There is, broad agreement in the scientific world today that all
humans share common origins in Africa, but when Charles Darwin
first suggested it in 1871, few European scientists took his theory
seriously. When the Taung child skull was found in South Africa in
1924, Raymond Dart supported Darwin’s theory, but it did little to
shift scientific opinion. In the 1980s, when genetics research
concluded that all living humans can trace their maternal ancestry
back to Africa 200 000 years ago, many international scientists
were slow to accept this claim. Scientists, and their research, are
often shaped by the prevailing social and political context at the
time. Kuljian explores this trend in South Africa and provides
fresh insight on the search for human origins – in the fields of
palaeoanthropology and genetics – over the past century. The book
follows the colonial practice in Europe, the US and South Africa of
collecting human skeletons and cataloguing them into racial types,
in the hope that they would provide clues to human evolution.
Kuljian sheds light on how, during apartheid, the concept of racial
classification mirrored the way in which many scientists thought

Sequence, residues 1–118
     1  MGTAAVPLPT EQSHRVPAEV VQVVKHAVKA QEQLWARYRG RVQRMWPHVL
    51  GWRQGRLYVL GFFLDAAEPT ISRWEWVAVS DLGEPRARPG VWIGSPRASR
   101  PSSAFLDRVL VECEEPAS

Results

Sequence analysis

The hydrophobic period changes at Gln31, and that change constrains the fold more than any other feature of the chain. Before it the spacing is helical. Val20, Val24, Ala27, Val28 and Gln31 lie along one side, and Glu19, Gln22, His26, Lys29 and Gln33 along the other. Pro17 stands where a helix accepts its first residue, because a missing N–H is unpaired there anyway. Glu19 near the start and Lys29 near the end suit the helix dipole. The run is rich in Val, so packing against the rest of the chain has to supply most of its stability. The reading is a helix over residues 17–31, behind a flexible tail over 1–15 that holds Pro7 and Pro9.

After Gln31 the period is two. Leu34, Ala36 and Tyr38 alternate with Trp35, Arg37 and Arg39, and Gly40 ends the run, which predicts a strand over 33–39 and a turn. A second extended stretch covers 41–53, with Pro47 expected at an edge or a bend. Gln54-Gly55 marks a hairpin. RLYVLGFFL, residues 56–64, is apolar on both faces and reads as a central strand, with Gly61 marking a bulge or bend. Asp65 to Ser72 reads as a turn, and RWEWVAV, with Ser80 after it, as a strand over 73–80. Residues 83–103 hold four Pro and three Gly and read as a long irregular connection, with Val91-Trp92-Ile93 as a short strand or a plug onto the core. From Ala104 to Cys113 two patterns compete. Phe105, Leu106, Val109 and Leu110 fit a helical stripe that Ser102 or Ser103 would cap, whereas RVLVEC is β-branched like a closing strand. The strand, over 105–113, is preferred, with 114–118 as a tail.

about race and human evolution. In more recent years, the field has
been shaped by a more open and diverse approach, and more women and
African scientists are entering the field. Research continues and
new information is gathered all the time. Darwin’s Hunch also
examines current developments in the search for human origins, and
uncovers stories that shed new light on the past.
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Review This Product
Thorough and thought provoking
Mon, 15 Jun 2020 | Review by: GraBus4253
The writing in this book is factual and informative, but the author manages to tell a story throughout. This book is an excellent read and reminds us of our shared humanity - something that has not always been understood, and still not understood by some.
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